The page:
As in the U.S., the European speculative-grade market has seen this biggest change. So far high yield has seen €13.8 billion of issuance, down severely from the €38 billion at this point in 2015. European leveraged loan issuance, at €20 billion, is down from the €26 billion at this point last year. – Staff reports

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This story chart is part LCD’s weekly European High Yield analysis, available on www.lcdcomps.com, LCD’s subscription site offering complete news, analysis and data covering the global leveraged loan and high yield bond markets. You can learn more about LCD here.

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European Leveraged Loans Return 1.18% in April, Following Strong March

european leveraged loan returns

Leveraged loans tracked by the S&P European Leveraged Loan Index (ELLI) gained 1.18% (excluding currency) in April, the second-highest return since January 2013, after March’s 1.7% gain, according to LCD, an offering of S&P Global Market Intelligence.

The market-value component of the return was up 0.79% in April, the second-consecutive positive reading after a seven-month string of losses.

April’s gains put the Index further into the black — up 1.77% in the year to April 30 — but it is still lagging last year, when the ELLI gained 2.95% in the first four months (excluding currency). The difference stems from the market-value component, which has advanced by 0.19% so far in 2016, compared to 1.41% in the same period last year. – Staff reports

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This story first appeared on www.lcdcomps.com, LCD’s subscription site offering complete news, analysis and data covering the global leveraged loan and high yield bond markets. You can learn more about LCD here.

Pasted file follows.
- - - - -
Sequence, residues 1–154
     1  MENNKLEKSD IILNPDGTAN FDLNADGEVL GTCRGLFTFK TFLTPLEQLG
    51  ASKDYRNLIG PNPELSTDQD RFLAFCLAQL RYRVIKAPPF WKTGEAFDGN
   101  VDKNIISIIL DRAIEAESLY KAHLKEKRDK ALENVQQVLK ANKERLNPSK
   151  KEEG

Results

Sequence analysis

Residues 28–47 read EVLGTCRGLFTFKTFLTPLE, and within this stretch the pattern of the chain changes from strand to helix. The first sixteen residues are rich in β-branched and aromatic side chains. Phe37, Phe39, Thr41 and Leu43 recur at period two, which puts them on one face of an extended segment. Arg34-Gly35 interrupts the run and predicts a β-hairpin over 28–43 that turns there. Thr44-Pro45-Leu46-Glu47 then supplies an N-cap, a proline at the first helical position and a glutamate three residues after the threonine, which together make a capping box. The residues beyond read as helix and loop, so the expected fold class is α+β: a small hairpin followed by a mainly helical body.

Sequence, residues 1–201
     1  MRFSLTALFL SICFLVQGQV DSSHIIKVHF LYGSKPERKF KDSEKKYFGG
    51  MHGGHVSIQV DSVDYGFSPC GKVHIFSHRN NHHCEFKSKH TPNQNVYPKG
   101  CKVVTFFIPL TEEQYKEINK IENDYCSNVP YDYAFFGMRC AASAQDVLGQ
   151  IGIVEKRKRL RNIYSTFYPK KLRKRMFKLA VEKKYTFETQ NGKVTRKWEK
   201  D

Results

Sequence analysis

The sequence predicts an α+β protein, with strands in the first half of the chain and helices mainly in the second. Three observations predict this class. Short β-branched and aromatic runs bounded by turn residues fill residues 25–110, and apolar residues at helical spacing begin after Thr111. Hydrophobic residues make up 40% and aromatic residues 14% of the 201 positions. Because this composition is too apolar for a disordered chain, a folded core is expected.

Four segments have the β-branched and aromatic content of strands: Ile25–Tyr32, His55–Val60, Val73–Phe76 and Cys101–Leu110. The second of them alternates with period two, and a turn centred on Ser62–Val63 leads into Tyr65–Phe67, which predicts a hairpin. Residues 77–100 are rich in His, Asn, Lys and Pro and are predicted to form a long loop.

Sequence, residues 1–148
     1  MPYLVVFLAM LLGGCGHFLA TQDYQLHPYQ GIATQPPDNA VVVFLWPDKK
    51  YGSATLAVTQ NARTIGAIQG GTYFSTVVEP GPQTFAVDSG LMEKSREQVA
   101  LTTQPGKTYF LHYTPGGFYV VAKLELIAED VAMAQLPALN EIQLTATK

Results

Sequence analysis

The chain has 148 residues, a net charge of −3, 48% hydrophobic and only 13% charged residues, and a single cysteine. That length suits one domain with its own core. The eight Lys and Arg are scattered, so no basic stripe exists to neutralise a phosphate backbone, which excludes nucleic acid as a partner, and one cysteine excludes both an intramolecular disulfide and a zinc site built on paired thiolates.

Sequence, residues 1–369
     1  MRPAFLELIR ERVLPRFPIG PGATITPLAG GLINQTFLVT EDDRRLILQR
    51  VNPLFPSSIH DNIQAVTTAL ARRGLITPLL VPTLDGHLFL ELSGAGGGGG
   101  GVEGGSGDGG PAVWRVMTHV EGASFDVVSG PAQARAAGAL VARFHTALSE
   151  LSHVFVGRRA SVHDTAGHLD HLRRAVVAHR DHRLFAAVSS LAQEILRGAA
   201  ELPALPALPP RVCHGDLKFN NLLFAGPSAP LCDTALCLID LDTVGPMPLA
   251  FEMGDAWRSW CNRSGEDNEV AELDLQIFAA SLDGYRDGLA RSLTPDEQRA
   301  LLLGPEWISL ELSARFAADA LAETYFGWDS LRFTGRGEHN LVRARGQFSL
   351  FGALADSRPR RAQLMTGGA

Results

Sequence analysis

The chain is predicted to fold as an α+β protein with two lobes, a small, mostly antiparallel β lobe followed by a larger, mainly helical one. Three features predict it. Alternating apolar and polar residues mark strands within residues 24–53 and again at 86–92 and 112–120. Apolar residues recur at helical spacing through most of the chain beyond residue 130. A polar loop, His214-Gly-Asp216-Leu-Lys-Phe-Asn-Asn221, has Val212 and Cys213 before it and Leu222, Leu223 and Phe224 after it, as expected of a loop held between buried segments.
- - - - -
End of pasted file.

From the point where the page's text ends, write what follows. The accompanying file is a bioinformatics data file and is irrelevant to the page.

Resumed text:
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S&P: European High Yield Corporate Default Rate Rises to 1.6% in April

European high yield default rateWith two defaults during the month, the European speculative grade corporate default rate rose to 1.6% in April, according to S&P Global.

Defaulting: Norway forest/paper products concern Norske Skog and UK oil company Edcon Holdings.

The full report on April defaults – including xls files detailing 2016 activity, corporate issuance, and European bond ratings actions – is available to S&P Global Credit Portal subscribers here. – Tim Cross

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European Leveraged Loan Issuance Surges to €6.4B as Refinancings Emerge

european leveraged loan issuance

European new-issue loan volume rose to €6.4 billion in April, making it the second-busiest month so far in 2016, behind January’s buyout-fuelled tally of €8.6 billion. Half of April’s total — €3.2 billion — came from refinancings, as market conditions warmed, allowing a greater range of activity than was seen in the M&A-heavy first quarter.

In April, borrowers raised the highest volume of new loans for refinancing purposes since March 2015, thanks to large transactions such as Inovyn and Numericable. In all, seven borrowers tapped the loan market to refinance existing senior debt, high-yield bonds, or a combination of various debt structures. – Staff reports

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Bankruptcy: Aeropostale Files Chapter 11 in Manhattan; has $160M DIP

Aéropostale today filed for Chapter 11 in bankruptcy court in Manhattan, the company announced.

The company said it intends to emerge from Chapter 11 within the next six months “as a standalone enterprise with a smaller store base, increased operating efficiencies and reduced SG&A expenses.”

The company announced an initial store closure list of 113 U.S. locations, as well as all of it 41 stores in Canada, with closings set to begin in the U.S. this weekend and in Canada next week.

The company further said it was continuing its previously announced sale process, adding that it expects that any potential sale would also be completed within the next six months.

According to Bloomberg, the company has more than 700 locations in the U.S. Over the past three years, it has closed more than 200 locations.